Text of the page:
No doubt, I will be pillaried by the Anti America crowd here for actually daring to suggest that the U.S has actually done nothing more in Latin America than take a mostly hands off policy, with drugs being the sole sad exception other than the sign off on the coup against Chavez, and that the leftist political leaders there are just bullshitting their public with anti American speeches to whip up populist sentiment and increase their popularity.  I look forward to seeing their replies to attempt to prove me wrong, and maybe I am wrong.  However, please spare me the stories, however horrible and true they indeed were, of American governments overthrowing South and Central American governments back in the 1950s and 1970s.  That proves nothing as to what they are doing today, or even during the Bush admin.  And please also leave out Cuba, we all know the U.S has a stupid obsession with Cuba.

 

.

 

Adam T

"Narrative of events as presented by the Wall Street Journal. It would be interesting to see if this narrative can be proven wrong (and more productive than grumbling about the source), and in which ways"

1.I think the part of the events that is wrong is what I have said several times: that it was completly inappropriate for the military to have been involved at all.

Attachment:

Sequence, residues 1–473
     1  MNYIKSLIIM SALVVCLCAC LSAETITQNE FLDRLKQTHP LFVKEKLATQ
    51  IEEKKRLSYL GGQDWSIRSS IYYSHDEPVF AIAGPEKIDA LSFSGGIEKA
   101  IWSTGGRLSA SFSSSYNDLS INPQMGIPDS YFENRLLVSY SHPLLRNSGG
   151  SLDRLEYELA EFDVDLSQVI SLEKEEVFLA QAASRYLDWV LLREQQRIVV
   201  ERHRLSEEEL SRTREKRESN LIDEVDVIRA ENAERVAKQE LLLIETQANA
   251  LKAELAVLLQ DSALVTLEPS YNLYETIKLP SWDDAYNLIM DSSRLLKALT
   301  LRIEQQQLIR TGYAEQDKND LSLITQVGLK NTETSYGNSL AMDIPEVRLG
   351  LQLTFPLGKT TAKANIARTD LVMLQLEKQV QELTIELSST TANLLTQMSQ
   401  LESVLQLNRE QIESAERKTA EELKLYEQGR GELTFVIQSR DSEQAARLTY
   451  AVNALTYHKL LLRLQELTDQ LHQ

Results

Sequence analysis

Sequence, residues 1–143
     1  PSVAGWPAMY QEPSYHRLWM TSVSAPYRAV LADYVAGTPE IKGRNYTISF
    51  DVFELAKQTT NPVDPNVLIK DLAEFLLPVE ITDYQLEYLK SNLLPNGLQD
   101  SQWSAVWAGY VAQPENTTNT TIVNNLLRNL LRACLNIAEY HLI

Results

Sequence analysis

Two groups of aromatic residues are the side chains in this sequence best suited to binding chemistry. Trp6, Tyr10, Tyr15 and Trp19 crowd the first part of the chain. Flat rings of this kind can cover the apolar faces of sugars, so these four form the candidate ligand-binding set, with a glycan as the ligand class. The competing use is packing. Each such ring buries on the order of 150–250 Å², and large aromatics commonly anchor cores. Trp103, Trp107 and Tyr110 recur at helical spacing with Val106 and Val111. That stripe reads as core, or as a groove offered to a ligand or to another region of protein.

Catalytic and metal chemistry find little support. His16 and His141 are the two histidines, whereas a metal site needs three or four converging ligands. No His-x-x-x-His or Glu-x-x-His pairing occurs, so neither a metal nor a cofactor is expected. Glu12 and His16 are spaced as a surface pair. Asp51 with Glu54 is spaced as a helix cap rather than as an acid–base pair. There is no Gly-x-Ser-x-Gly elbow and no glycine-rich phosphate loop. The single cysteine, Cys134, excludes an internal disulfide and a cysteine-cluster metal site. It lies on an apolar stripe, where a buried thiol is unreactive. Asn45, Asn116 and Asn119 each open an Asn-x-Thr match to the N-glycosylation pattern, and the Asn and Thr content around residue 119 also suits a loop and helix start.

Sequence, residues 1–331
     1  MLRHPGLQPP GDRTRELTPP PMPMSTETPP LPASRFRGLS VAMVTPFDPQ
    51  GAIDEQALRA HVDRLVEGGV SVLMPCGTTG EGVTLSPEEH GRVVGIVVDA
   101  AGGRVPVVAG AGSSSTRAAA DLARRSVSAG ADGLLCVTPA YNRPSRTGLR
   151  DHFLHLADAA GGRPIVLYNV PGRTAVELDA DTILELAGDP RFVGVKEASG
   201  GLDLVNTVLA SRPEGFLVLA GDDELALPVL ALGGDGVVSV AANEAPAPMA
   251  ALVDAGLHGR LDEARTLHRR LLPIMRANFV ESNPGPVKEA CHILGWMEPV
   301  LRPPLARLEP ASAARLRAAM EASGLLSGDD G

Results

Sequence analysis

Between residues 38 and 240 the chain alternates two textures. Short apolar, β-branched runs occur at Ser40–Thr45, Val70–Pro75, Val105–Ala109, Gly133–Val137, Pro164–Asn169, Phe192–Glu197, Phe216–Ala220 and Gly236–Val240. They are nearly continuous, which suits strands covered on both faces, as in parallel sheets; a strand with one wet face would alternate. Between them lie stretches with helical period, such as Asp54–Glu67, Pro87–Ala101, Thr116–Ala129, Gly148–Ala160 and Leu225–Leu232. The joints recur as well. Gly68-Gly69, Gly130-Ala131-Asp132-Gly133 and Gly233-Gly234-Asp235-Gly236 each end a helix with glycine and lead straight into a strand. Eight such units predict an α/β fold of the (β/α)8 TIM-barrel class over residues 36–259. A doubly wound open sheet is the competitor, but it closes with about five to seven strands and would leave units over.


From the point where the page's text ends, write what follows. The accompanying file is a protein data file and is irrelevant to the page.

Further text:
2.Also, as pointed out by Cueball, that nobody at the Wall Street Journal is questioning why the military was involved in the referendum/election process.

I fail to see why a two step process could not have occurred. 1.That the referendum would be prevented and then following that 2.Congress would immediately begin impeachment hearings against Zelaya to remove him with an orderly process.

It strikes me that that is how a country that respects democracy would behave. Of course, it's no surprise that the Wall Street Journal would have no respect for democracy as long as it sees what it wants carried out.

I suppose the counter argument is Honduran democracy is too weak to go survive a process like that as supporters of Zelaya would have risen up to try to prevent his impeachment, so better to literally present them with a coup d'etat.  However, I think actually going through the impeachment process would have strengthened democracy there and it would have given the opponents of Zelaya, who, as the Wall Street Journal article correctly points out, was clearly acting with illegal means himself, the moral high ground.

I think the coup plotters acted in a way that for them was more expedient in the short term, but will hopefully backfire on them in the upcoming months and years.

Ken Burch Ken Burch's picture

Adam T wrote: